He had already worked at Porsche for 20 years before he became head of the Motorsport division in 2004 after ten years of heading up the customer sport and GT vehicles programmes. Ever since, he has not only been successful in making his mark in top motorsport racing, such as with the RS Spyder and the 911 GT3 R Hybrid; today he is also responsible for the global activities of Porsche in the GT classes – including global customer sport activities, which are “the backbone of Porsche Motorsport.” He creates opportunities for promising talent. Under his aegis, Porsche has certainly developed the most extensive programme of support for new motorsport drivers. In 2013, he led the factory team of the new 911 RSR to first and second place finishes in its class at Le Mans, while he and his team kicked off the 2014 season with a victory of the further advanced 911 RSR at the 24 Hours of Daytona.
He sees new tasks primarily as a challenge. As manager for all technology in motorsport and in GT street vehicles (except LMP), he and his team have already initiated many projects that have attracted attention. The GT3 R Hybrid was such a project: “highly innovative and exciting.” The veteran Porsche manager – who has been with the company since 1984 and also worked on Indy and Formula-1 engines – has advanced the development and successful implementation of the RS Spyder sports car prototypes in the USA and at Le Mans in his role as overall project manager. And then there was the GT1 as well, the car that Porsche used to achieve its most recent overall victory at Le Mans in 1998.
Of all the successes that Jörg Bergmeister has already celebrated with Porsche, it is primarily the victories in the major endurance races that make him especially proud. Le Mans, Daytona, Sebring, Nürburgring, Spa – they are all part of the success statistics of the tall fair-haired driver, who, in 2000, won the Carrera Cup Germany and in 2001 the Porsche Supercup. Afterwards, he was named a factory driver. His collection of titles speaks for itself. He may have even set a record with five wins in the popular American Le Mans Series; in 2006, he even won championship titles in both the Le Mans and Grand Am series – a feat that only he has ever pulled off.
In motorsport, as in other disciplines, the training years are not always the winning years. Marco Holzer, who was sponsored as a Porsche Junior in 2008 and joined the Porsche factory team in 2011, certainly knows a thing or two about it. The golden boy, who celebrated an overall victory at the 24-hour race in Dubai in 2010 and a year later successfully drove the first hybrid race car from Porsche at the endurance classic on the Nürburgring, showed maximum flexibility in his racing efforts with customer teams across the globe. Now he is getting the opportunity of his life. He says: “I have always dreamed of driving for the Porsche factory team at Le Mans.”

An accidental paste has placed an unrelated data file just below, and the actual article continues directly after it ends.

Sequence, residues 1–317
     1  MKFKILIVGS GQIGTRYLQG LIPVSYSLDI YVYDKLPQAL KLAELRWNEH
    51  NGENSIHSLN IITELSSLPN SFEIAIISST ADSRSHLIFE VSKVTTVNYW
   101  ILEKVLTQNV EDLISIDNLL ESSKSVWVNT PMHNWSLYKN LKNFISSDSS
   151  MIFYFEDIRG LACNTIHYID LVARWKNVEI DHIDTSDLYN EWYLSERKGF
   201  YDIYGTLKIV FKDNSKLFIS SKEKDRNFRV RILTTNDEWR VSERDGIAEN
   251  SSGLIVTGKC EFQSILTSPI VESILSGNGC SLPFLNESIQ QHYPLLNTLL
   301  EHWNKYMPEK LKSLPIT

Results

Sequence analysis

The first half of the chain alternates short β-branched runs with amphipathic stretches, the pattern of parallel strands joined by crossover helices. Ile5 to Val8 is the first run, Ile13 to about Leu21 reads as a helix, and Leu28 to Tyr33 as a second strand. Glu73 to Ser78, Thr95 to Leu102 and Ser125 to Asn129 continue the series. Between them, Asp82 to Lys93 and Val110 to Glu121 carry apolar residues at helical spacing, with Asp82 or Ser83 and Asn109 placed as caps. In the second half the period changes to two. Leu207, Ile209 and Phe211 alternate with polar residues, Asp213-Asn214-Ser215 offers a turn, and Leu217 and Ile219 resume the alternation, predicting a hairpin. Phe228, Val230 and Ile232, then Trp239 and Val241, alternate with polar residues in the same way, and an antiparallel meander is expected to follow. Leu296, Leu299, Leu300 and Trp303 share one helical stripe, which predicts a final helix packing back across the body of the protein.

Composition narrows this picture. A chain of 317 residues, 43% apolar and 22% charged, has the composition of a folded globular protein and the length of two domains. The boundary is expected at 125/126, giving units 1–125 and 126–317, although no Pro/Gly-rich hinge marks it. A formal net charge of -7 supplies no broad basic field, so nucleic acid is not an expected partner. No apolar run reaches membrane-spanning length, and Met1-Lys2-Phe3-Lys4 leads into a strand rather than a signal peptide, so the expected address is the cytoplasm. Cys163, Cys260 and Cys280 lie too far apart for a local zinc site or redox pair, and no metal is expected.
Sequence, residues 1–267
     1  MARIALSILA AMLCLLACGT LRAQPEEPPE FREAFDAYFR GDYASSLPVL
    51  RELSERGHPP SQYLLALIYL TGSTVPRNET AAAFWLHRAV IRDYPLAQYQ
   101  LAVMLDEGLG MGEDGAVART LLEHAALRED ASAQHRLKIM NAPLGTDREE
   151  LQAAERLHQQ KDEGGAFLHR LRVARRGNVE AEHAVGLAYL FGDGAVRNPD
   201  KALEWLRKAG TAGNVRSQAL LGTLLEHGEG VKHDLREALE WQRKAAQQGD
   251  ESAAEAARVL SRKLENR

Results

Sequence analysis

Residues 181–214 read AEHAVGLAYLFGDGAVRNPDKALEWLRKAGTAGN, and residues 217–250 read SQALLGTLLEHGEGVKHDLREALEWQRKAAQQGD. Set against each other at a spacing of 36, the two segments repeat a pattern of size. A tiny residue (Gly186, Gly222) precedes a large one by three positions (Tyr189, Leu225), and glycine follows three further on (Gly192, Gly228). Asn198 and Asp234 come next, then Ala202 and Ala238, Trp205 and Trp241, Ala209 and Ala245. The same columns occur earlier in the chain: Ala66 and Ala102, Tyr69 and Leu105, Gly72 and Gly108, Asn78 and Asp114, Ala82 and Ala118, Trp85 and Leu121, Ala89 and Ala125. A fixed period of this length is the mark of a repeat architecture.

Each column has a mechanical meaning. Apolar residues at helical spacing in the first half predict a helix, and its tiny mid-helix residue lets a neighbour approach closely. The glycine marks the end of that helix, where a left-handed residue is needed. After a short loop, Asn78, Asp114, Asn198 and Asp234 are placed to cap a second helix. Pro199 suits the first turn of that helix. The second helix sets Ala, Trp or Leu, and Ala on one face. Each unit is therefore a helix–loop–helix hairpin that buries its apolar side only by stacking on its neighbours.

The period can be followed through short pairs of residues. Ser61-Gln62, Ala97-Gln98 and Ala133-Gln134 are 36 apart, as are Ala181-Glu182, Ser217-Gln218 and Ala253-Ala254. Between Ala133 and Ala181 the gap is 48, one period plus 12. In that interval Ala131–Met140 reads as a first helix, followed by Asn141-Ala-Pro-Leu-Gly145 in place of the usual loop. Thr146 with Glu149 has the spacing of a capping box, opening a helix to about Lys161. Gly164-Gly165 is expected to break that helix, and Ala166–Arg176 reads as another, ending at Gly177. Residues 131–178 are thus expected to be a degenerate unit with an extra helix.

His victory with the 911 RSR at the 24-hour race in Daytona was a season opener entirely to his liking. The Austrian, who has been a Porsche factory driver since 2007 and participates in rallies and ice races in his free time with as much virtuosity as in the classic races, is familiar with success. In the previous year, he celebrated his third Le Mans victory since 2007 and 2010 and is looking towards a fourth victory to follow in June. This time, starting at Le Mans would be icing on the cake for him, because his primary goal is to win the championship title for Porsche at the new Tudor United Sports Car Championship in the United States and Canada. He has already made a good start with his victory in Daytona.
His ambitious efforts and patience in trying to win the Porsche Carrera Cup in France show just how much his heart beats for Porsche. Twice he had to settle for second place and once he finished third, before finally winning the long sought-after title in 2010. Even back then, he had a reputation as one of the world's fastest GT drivers. He gave proof of this in high-calibre championships such as the FIA GT1 world championship, where he finished second in 2012, and in the WEC. He now returns to his roots as a Porsche factory driver. “To drive for Porsche,” he says, “is exactly what I have always wanted to do.”
He is a man for all seasons. Regardless of which championship Patrick Pilet is racing in, he is always good for a victory. In the American and European Le Mans Series as well as the International GT Open. He won the 24-hour race in Daytona in 2014 and the race in Dubai in 2010. He was also named Carrera Cup France champion in 2007. Only at the WEC has he not climbed to the top step of the victor's podium yet. This season, he wants to remedy the situation, preferably at Le Mans, of course. “For a Frenchman,” he says, “a victory at Le Mans is as valuable as a victory at Wimbledon for an English tennis player. There is nothing greater.”
The Brit started the new season just like he ended the last one – with a great victory. In October 2013, he won the Petit Le Mans at Road Atlanta – a race course steeped in tradition; and in January 2014, he won the 24 Hours of Daytona, together with Patrick Pilet and Richard Lietz. This season, he is sharing the 911 RSR with the Austrian driver in the Tudor United Sports Car Championship. In 2011, he was the overall victor in the Carrera Cup Germany and, in 2012, he won the Porsche Cup for the most successful private driver of the 911. In the following year, he was named a factory driver. He wants to fulfil his next race car driver’s dream at Le Mans.